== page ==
The Dragoon grew out of the problems with the Colt Walker revolver, a 4.5 pound, 15” long hunk of steel. The Dragoon was only 4 pounds, 2 ounces. And, where the Walker’s barrel was 9” long, the Dragoon’s was only 7.5”. The Walker was a powerful weapon, but its size meant it was used mostly as a saddle-mounted weapon. It was just too long and too heavy to wear around your waist.
And there was the propensity for the Walker to explode when users put in too much powder. Where the Walker held 60 grains of powder, the Dragoon held only 50 grains—less powder, less danger.
Also, the Walker’s loading lever tended to fall during firing, locking up the revolver and rendering the weapon useless. Not a good thing when you need a working gun. The Dragoon added a lever latch to hold it in place. Problem solved.
“Three major-production Dragoon models were produced between 1848 and 1860. The First Model had oval-shaped cylinder notches, no wheel on the rear of the hammer and no pins between the nipples. Colt produced about 7,000 First Models between 1848 and 1850. The Second Model had rectangular cylinder notches and a “wheel” on the hammer. First and Second models both had square-back trigger guards. The company made about 2,550 Second Models in 1850 and 1851. Approximately 10,000 Third Model Dragoons were made from 1851 through 1860, with many variations. All Third-Model Dragoons had a round trigger guard. Records show 8,390 Dragoons were ordered by the U.S. government.” (from http://www.cabelas.com/category/Civil-War-Colt-Dragoon/110215980.uts)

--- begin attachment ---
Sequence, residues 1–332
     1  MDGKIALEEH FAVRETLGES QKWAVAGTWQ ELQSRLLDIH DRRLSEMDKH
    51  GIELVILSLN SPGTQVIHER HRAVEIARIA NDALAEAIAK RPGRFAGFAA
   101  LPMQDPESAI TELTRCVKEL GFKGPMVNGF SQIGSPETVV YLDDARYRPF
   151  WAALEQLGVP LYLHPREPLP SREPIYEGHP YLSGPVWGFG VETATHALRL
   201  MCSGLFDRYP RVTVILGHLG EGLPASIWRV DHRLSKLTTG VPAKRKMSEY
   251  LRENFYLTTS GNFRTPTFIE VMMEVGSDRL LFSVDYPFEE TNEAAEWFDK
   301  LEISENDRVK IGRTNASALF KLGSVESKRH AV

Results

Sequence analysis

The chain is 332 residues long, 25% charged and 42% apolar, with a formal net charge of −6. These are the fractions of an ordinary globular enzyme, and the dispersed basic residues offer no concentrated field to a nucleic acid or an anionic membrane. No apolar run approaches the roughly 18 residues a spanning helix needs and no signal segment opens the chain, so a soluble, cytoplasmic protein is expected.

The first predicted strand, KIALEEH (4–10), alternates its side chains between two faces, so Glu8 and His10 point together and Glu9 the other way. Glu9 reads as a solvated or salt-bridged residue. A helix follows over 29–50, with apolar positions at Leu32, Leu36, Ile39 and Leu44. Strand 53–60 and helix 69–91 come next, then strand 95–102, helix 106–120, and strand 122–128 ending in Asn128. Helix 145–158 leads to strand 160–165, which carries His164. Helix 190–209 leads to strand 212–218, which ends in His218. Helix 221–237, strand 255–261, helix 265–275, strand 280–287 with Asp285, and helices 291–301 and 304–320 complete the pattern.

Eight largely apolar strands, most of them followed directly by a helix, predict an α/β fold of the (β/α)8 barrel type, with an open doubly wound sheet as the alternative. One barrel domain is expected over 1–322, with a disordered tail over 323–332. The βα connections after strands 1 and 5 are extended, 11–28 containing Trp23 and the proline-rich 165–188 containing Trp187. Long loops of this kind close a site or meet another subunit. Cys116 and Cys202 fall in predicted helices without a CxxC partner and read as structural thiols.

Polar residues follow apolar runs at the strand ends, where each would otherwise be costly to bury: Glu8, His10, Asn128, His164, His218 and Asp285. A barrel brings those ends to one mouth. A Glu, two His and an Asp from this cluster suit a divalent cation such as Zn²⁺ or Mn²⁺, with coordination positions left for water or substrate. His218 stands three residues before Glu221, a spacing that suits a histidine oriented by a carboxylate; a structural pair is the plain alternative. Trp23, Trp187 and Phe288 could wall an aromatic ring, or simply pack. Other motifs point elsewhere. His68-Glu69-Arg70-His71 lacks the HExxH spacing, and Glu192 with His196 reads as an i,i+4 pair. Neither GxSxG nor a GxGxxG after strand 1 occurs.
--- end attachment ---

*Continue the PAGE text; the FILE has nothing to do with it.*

The Dragoon revolver transformed Samuel Colt’s young pistol-making business into one of the most dominating forces in firearm history.